Greece bank stocks bounce back after three-day crash

Two men check an index board at the reception hall of the Athens' Stock Exchange, in Athens, Greece, Tuesday, Aug. 4, 2015. (AP Photo/Yorgos Karahalis)

ATHENS: Greece’s battered banking stocks staged a strong rebound Thursday, bouncing back after a three-day rout that wiped 63 percent from their market value.

The rebound helped the broader Athens market to recover, but non-financial stocks underperformed.

The banking index end 17.8 percent higher with all of its constituent stocks closing with gains, led by a 27.4 percent jump in National Bank, Greece’s largest lender.

The banking index had dropped 3.6 percent early in the session. Alpha Bank reversed a 26 percent early loss to close 11.6 percent higher.

“There was a lot of selling steam let out in the previous sessions, we may be in for some more upside tomorrow but trading will stay choppy. We saw a technical reaction to oversold levels today,” investment adviser Theodore Mouratidis said.

The broader market – of which banking stocks make up around 20 percent – ended up 3.6 percent. Only three of the 25 stocks in the blue-chip index closed with losses, including engineering contractor Metka and jewelry retailer Folli Follie.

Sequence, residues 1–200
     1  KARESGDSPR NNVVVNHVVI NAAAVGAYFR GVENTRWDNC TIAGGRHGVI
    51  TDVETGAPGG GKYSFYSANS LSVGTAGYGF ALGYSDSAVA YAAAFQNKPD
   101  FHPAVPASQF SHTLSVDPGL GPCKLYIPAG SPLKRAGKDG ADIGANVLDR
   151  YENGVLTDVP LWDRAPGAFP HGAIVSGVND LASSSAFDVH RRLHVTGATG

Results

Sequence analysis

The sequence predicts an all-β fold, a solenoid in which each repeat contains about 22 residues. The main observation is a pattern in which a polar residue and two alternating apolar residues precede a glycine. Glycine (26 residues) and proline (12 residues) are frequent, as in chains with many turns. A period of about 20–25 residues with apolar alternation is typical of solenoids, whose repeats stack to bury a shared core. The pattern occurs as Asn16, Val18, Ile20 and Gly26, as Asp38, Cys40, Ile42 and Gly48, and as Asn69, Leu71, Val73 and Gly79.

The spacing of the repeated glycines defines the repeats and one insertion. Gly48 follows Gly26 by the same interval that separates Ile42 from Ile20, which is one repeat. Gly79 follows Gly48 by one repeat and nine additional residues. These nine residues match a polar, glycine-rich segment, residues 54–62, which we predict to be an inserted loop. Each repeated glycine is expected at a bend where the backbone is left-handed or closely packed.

“If the move up is confirmed tomorrow as well, we may be in for a better course,” said Takis Zamanis, chief trader at Beta Securities. “About 58 percent of today’s volume was done by bank shares.”

Telecoms provider OTE closed 9.3 percent higher despite posting a second-quarter loss due to a voluntary redundancy scheme and a weak performance by its foreign operations.

Greece’s banks need to be recapitalized after a flight of euros from deposits for most of this year and mounting bad loans.

But that will hurt existing shareholders, when it comes, by diluting the value of their holdings.

Athens and its international lenders share the view that banks must complete their recapitalization by the end of this year and avoid a haircut on large depositors, Greece’s finance minister said Wednesday.

The European Union estimates the recapitalization may cost between 10 billion euros ($11 billion) and 25 billion euros.

“The key determinant for bank values remains the outcome of the coming comprehensive assessment by regulators,” analyst Nick Koskoletos at Athens-based Eurobank Equities said.

A version of this article appeared in the print edition of The Daily Star on August 07, 2015, on page 6.




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